The UK has established a new data strategy that will give patients better access and greater control over their health and care data.
The way data is used across health and care sectors is set to be transformed, giving patients control of their health data and enabling staff to save more lives through improved care and treatment.
The new draft strategy, ‘Data saves lives: reshaping health and social care with data’ published by NHSX, builds on the groundbreaking use of data during the COVID-19 pandemic, with privacy and security of data at its core.
Patients will have easier access to their test results, medication lists, procedures, and care plans from across all parts of the health system through patient apps, such as the NHS App. Records will also be shared between systems to allow faster and more specialised treatment
Breaking down data barriers
The strategy aims to break down data barriers and give patients confidence that health and care staff have up-to-date medical information, regardless of the care setting, enabling clinicians to make quicker, more informed decisions to deliver better treatment.
Health and Social Care Secretary, Matt Hancock, said: “Data saves lives. More effective use of data will deliver better patient-focused care. It will free up staff time to focus on patients and allow clinicians to make better, more informed decisions on treatment and support. The pandemic has taught us we must be bold and the great strides we have made on vaccines and treatments during this time have been made possible by the way we use data.
“This strategy seeks to put people in control of their own data, while supporting the NHS in creating a modernised system fit for the 21st century which puts patients and staff in pole position.”
For easy access to patient health and care data, the strategy proposes a new duty to share anonymous data safely and appropriately across the entire health system.
Additionally, new legislation will be introduced to require all adult social care providers to provide information about all the services they fund to ensure service users have the best care and experience.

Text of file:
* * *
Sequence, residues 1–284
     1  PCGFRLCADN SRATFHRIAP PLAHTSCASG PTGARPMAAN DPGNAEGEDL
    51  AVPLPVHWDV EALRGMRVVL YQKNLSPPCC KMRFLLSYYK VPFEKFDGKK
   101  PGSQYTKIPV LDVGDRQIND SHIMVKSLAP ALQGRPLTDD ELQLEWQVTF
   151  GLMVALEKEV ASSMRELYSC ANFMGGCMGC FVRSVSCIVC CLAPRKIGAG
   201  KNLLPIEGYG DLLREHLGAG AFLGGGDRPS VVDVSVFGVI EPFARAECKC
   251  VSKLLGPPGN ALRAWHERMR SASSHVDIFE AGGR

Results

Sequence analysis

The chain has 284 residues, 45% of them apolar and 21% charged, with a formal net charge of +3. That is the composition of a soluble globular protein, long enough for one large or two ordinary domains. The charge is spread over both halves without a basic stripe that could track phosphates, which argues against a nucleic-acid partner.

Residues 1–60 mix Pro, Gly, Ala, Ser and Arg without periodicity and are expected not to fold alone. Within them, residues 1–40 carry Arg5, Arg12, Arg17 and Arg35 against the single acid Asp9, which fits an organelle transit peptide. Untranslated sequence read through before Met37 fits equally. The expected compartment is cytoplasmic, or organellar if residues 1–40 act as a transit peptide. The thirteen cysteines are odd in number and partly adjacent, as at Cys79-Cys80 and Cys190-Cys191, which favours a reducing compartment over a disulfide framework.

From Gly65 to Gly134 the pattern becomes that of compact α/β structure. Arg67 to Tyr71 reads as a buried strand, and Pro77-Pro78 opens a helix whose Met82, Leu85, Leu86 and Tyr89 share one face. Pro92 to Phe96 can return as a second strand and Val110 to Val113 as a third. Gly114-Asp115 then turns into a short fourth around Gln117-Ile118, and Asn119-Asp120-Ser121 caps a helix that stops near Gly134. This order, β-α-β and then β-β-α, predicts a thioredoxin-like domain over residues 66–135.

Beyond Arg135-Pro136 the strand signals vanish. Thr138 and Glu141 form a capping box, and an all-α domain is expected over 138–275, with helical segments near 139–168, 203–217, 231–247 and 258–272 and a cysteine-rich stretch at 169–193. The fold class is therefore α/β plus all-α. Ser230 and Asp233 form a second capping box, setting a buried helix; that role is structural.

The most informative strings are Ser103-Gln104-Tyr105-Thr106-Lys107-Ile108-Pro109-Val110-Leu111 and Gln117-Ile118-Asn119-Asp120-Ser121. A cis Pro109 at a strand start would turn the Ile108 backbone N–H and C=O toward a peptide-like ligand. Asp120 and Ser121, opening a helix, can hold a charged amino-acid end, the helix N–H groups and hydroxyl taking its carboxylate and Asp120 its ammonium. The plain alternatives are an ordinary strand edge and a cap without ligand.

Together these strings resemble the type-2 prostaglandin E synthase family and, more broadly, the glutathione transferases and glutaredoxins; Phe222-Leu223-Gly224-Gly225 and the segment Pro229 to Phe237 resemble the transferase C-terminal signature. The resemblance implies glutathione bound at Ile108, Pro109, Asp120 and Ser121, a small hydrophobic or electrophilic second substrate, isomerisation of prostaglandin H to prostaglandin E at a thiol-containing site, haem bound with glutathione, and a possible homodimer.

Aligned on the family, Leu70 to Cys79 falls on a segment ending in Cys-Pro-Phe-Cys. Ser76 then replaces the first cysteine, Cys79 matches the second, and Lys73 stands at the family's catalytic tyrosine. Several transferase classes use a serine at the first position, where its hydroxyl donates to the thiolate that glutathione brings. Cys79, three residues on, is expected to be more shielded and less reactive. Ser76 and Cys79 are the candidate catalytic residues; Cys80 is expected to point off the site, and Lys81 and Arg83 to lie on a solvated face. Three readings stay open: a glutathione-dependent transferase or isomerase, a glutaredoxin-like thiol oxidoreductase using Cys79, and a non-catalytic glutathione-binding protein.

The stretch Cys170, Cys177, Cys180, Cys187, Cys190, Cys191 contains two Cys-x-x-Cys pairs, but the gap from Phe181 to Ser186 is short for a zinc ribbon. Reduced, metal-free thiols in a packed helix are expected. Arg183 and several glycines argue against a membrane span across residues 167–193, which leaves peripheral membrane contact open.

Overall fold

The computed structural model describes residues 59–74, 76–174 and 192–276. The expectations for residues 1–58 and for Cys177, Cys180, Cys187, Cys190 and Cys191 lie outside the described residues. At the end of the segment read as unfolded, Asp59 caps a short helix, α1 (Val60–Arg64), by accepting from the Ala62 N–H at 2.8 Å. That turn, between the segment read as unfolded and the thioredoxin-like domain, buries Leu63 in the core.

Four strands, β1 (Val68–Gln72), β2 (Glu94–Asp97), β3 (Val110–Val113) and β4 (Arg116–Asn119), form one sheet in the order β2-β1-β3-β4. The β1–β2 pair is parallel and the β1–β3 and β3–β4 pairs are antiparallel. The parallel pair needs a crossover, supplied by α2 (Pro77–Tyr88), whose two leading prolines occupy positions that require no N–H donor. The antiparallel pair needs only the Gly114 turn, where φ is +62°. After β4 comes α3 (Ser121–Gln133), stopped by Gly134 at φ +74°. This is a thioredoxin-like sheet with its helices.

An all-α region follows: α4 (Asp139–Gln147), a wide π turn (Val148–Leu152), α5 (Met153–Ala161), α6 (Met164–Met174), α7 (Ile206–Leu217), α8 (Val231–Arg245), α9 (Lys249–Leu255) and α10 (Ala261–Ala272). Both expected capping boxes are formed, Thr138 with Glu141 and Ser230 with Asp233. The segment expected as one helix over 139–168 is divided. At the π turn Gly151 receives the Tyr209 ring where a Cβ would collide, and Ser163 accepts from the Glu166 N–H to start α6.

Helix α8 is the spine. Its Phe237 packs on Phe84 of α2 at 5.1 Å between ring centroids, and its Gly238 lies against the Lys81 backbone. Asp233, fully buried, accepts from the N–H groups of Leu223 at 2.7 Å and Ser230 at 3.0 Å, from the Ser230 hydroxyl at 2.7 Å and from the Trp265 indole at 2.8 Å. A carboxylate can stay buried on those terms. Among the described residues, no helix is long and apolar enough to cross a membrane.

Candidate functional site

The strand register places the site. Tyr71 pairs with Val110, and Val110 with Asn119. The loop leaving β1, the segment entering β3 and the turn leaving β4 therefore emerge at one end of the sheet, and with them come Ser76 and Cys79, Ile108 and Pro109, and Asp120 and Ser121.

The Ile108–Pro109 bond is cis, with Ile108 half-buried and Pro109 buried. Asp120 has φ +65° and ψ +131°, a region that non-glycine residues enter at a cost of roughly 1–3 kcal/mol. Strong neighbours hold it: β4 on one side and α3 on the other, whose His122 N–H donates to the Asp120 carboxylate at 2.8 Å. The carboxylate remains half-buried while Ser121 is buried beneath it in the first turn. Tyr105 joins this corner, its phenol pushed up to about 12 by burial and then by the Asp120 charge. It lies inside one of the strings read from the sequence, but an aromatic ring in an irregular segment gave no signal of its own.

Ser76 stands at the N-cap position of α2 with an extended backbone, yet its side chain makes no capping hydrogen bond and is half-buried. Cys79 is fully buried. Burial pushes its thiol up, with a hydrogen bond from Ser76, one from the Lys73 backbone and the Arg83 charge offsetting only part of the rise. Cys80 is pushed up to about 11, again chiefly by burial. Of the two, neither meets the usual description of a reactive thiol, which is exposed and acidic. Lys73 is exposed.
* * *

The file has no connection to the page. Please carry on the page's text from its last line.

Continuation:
Better use of data
The strategy proposes better use of personal data to analyse key trends in the health of the nation to improve services and prepare for and respond to future diseases.
Minister for Innovation, Lord Bethell said: “The safety of the public will only be improved if the health and care system makes better use of data. We have already seen how analysing patient data on maternity outcomes has improved care for mothers and babies. Greater sharing of patient information across the health and care system will undoubtedly go on to drive further improvements in patient safety, ultimately saving lives.”
The draft strategy sets out several proposals to improve patient care and data sharing, including:
- Putting patients at the heart of their health and care data, with easy access to their own healthcare records
- Giving health and care staff easier access to the right information
- Enabling the proportionate sharing of data for the purpose of supporting the health and care system
- Giving adult social care high quality, timely, and transparent data
- Modernising data architecture and infrastructure underpinning the health and care system to improve standards, protect data, and stay ahead of cyber risk
- Supporting innovation for the benefit of patients and staff, such as empowering patients to test and monitor changes in their vision remotely using an app, and using AI to assess data from care home workers’ reports
- Building on improvements to speed up access to data during the pandemic, where there is clear benefit for the system as a whole
Matthew Gould, NHSX Chief Executive, said: “Throughout the pandemic, we saw examples of data improving care and saving lives – from the speed of vaccine development to the discovery of treatments for COVID-19. If we want to continue improving care, we need to transform how we use data.
“Patients need to own their data, have access to their data, and have confidence on how the NHS is handling it on their behalf. This strategy takes this agenda firmly forward, and is good news for patients, staff, citizens, and anyone who cares about the future of the NHS.”
Public engagement, to be held in 2021, will be used to inform how people would like to use and access their data, including working with the National Data Guardian, patient groups, and system leaders.